Better latte than never: Thanks in no small part to consumer pressure, Starbucks has finally committed to sourcing 100% of its milk supply from dairy that's free of artificial growth hormones. (Food & Water Watch)
Monsanto's henchmen: Federal regulators are making a few small dairies purge their websites of any claims that their milk is healthier because they don't use the synthetic bovine growth hormone made by Monsanto Co. (St. Louis Today) Note: No wonder Starbucks isn't make a big PR splash with the above move, given astroturf groups like this one.
A hole in this claim: Dunkin' Donuts says its menu will be "zero grams trans fat" by Oct. 15. But it's following the letter, not the spirit, of the federal label: it guarantees that trans fat levels in its doughnuts, croissants, muffins and cookies will merely fall below half a gram per serving. The article doesn't explain whether that's because the chain will still use some partially hydrogenated oils, or because it will use butter, which has naturally occurring trans fats. (The Boston Globe )
High fructose crack syrup: Sodas sweetened with high fructose corn syrup contain high levels of a potentially dangerous compound often found in the blood of diabetics, a new study concludes. (US News & World Report) Kate at Accidental Hedonist has more about why HFCS is not the same as sugar, despite what soda makers say.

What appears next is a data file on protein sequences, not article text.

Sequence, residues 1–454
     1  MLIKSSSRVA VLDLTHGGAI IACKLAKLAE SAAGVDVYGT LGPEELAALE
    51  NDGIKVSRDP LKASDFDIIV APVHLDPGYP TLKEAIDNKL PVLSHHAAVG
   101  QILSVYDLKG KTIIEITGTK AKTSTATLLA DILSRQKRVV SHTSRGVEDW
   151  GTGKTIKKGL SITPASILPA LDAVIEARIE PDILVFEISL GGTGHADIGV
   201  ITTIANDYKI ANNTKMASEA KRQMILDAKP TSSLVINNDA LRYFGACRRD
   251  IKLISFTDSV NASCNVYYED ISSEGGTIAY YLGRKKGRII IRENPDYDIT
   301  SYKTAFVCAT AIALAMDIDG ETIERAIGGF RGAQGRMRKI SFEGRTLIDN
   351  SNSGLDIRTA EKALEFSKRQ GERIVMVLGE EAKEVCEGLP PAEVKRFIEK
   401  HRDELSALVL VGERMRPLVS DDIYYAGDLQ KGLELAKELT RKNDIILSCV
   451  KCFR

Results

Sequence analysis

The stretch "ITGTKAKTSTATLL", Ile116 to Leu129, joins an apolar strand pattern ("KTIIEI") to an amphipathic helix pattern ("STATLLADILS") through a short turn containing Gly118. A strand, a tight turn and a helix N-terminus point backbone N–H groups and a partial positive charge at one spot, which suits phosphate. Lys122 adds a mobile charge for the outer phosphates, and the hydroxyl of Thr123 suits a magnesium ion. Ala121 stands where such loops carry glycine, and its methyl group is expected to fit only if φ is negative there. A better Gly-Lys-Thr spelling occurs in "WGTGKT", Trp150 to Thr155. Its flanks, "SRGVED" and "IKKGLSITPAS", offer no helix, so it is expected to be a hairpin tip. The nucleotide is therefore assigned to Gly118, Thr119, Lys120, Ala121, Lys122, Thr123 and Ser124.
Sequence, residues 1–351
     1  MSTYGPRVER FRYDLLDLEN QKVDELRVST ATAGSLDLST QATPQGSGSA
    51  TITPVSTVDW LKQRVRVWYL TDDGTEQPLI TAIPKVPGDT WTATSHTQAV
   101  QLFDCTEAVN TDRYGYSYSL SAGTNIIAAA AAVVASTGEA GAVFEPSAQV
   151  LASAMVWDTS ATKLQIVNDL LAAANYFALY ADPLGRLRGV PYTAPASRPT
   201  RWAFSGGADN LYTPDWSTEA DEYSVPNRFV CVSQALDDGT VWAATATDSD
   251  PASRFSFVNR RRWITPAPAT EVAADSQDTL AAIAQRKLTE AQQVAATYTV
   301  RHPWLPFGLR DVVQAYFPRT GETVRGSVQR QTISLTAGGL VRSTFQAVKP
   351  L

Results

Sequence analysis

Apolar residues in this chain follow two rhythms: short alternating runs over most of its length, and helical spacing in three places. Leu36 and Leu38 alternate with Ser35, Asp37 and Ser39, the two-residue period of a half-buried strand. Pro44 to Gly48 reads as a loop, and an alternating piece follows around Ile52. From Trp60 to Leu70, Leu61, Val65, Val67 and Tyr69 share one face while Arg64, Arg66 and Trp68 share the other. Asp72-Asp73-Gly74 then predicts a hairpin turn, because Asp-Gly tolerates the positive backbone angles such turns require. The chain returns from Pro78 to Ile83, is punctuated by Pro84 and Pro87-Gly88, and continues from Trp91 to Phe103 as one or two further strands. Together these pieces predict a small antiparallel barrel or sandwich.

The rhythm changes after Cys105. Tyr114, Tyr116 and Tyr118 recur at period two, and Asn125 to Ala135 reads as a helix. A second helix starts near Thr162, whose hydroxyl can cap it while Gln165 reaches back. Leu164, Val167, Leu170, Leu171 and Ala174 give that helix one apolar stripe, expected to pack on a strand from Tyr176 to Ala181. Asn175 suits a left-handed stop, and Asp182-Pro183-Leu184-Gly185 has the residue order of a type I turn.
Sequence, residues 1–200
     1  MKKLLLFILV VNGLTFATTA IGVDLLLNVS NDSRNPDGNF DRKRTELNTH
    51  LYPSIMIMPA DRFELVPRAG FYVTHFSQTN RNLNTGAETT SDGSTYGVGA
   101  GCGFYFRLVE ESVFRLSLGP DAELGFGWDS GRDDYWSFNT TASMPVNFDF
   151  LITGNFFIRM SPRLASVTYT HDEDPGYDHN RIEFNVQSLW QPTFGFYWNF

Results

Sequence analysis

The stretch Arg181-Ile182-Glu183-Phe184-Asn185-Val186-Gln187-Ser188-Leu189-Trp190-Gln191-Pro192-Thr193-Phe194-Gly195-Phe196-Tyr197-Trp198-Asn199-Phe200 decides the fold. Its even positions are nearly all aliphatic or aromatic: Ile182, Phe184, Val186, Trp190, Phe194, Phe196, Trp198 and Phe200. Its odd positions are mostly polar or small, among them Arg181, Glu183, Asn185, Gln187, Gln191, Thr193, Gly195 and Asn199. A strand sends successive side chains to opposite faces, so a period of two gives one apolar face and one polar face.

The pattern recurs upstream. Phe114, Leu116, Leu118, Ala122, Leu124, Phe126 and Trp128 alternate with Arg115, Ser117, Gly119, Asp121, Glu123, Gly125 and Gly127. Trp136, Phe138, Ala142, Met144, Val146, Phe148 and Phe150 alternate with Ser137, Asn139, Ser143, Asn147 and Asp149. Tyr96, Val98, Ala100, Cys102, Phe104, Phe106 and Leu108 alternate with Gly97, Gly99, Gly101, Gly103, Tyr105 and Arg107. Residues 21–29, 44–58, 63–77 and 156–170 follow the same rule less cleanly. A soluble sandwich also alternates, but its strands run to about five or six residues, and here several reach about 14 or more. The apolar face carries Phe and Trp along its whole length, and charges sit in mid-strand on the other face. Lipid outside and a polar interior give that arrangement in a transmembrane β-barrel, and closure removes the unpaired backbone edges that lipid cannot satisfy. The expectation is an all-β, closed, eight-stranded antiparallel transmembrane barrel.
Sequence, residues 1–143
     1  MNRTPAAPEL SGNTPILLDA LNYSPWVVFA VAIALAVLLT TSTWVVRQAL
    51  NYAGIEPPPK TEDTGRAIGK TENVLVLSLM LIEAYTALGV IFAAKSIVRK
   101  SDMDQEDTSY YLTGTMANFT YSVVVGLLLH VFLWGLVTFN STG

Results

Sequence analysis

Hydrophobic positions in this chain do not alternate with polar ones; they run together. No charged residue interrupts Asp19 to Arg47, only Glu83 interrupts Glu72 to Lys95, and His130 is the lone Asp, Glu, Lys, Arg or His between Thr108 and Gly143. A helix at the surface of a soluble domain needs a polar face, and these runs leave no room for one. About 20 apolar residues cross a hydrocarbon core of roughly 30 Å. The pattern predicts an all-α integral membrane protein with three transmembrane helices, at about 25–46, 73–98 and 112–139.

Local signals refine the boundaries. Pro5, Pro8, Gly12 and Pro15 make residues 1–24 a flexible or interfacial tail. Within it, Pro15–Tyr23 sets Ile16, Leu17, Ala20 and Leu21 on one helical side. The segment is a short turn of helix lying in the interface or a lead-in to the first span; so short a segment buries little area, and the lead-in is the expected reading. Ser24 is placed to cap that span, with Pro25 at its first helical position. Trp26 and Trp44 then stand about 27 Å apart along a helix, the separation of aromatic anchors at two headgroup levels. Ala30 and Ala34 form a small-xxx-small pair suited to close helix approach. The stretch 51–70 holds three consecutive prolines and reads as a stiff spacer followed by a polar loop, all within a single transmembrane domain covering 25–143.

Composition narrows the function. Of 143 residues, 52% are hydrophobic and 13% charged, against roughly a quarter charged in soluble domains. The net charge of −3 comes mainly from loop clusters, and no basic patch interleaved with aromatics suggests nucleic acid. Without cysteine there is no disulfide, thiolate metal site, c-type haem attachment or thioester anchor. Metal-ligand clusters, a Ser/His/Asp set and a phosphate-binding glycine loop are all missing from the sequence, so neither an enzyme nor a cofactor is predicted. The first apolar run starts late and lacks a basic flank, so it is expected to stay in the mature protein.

Pork barrel politics: Canada plans to spend $76 million to combat porcine diseases and restore "stability and profitability" to its hog farmers. (London Free Press)
USDA denies request to delay almond pasteurization rule (Washington Post)
Utah is considering tightening its animal cruelty laws to protect farm animals as well (Daily Utah Chronicle)
Bon appetit, indeed: The CEO of Bon Appetit Management has an op-ed about how the food industry needs to wake up to animal welfare concerns. Bon Appetit is a nationwide food service company that manages hundreds of university, museum, and corporate cafes using local and sustainable ingredients when possible.(San Jose Mercury News)
Step up, Senate: An op-ed by a professor says the Senate now has the opportunity to write a true farm and food bill, one that articulates a "strategic, integrated approach to the relation between farming and food in rural America." Money quote, about how the Farm Bill should allow the interstate shipment of state-inspected meat: "Isn't it ironic that we accept shiploads of food with few inspections from China… but we bar meat produced here and inspected by state employees from moving across state lines?" (Des Moines Register)